otonically increasing in g. Using the chain rule again with respect to r,

we get:

D Dx

0 (A7-34)

r xr

Thus, the discount is monotonically decreasing in r. Now we make

an algebraic substitution to simplify the expression for D in order to fa-

cilitate calculating other partial derivatives.

CHAPTER 7 Adjusting for Levels of Control and Marketability 291

Let y 1 z (A7-35)

dy

1 (A7-36)

dz

Substituting equation (A7-35) into equation (A7-25), we get:

xj 1

D 1 (A7-37)

yx j

1

x j)( x j) x j(x j

D (1 1)

(A7-38)

yx j)2 yx j)2

y (1 (1

D dy x j(x j

D 1)( 1)

0 (A7-39)

z)x j]2

z y dz [1 (1

The denominator of (A7-39), being squared, is positive. The numer-

ator is also positive, as x j is positive and less than one, which means that

xj 1 is negative, which when multiplied by 1 results in a positive

number. Thus, the entire partial derivative is positive, which means that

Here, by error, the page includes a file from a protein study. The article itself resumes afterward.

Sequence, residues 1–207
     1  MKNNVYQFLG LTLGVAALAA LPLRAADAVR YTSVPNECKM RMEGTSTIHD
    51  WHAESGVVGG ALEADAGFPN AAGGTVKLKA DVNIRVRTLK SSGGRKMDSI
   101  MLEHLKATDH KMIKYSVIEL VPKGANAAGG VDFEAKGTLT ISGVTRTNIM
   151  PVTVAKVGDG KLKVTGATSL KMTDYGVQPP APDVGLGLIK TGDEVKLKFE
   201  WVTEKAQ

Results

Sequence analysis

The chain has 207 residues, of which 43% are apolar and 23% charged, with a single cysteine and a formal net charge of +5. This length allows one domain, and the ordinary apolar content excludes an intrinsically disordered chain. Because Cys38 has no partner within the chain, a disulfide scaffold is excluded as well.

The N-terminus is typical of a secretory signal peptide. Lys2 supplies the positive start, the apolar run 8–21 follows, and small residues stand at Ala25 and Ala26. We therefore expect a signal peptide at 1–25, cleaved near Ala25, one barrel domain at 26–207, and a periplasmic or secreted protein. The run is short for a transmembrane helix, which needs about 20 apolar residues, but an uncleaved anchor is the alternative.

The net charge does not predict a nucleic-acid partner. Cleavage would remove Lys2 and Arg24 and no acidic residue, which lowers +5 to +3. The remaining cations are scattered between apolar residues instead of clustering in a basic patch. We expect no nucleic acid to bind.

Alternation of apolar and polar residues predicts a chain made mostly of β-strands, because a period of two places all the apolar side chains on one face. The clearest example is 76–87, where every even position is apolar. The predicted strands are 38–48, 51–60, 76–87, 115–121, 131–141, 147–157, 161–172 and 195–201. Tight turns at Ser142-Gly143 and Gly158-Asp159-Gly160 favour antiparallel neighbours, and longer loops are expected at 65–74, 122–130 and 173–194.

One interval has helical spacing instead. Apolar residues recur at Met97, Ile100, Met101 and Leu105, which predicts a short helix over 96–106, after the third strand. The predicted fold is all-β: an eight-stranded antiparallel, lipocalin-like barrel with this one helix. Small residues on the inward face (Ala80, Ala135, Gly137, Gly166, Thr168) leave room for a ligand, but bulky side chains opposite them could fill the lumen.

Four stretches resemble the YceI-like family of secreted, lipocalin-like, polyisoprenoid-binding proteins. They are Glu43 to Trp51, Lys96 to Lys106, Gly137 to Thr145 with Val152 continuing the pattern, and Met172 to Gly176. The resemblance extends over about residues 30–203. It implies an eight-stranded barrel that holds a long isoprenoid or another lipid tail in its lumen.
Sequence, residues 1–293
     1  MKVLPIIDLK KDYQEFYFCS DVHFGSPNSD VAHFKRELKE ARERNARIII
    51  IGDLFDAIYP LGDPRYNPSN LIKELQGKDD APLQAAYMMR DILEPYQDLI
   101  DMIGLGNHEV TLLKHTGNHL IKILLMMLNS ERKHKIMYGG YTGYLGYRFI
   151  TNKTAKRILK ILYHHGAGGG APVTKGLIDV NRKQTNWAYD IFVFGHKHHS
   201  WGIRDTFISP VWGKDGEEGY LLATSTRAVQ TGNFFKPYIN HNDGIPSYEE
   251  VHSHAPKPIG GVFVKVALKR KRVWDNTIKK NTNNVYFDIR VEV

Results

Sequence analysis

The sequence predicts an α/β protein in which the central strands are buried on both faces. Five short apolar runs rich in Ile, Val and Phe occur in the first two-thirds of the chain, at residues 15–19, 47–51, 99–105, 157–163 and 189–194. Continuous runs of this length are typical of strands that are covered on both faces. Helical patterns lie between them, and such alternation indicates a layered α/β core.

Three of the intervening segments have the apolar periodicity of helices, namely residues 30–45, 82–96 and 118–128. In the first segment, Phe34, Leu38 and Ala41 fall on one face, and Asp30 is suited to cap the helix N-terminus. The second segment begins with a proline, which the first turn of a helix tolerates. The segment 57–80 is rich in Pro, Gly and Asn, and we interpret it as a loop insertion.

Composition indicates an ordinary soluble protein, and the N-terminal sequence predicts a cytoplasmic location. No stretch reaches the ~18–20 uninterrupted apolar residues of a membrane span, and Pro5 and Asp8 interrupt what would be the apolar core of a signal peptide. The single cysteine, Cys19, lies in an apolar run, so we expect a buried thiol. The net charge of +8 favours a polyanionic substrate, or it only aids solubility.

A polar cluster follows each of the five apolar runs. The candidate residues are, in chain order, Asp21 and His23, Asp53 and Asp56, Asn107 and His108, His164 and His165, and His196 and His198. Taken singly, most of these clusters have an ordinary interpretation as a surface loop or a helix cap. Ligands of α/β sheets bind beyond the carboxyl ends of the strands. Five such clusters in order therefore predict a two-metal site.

D is monotonically increasing in z, the transaction costs. This result is

intuitive, as it makes sense that the greater the transaction costs, the

greater the discount.

Differentiating equation (A7-37) with respect to j, the average num-

ber of years between sales, we get:

yx j)x j ln x (x j 1)( y)x j ln x

(1

D

(A7-40)

yx j)2

j (1

Factoring out x j ln x, we get:

x j ln x(1 yx j yx j x j ln x(1

y) y)

D

(A7-41)

yx j)2 yx j)2

j (1 (1

x j z ln x

D

0 (A7-42)

z)x j]2

j [1 (1

The denominator is positive. The numerator is negative; since x 1,

ln x 0. Thus, the discount is monotonically decreasing in j, the average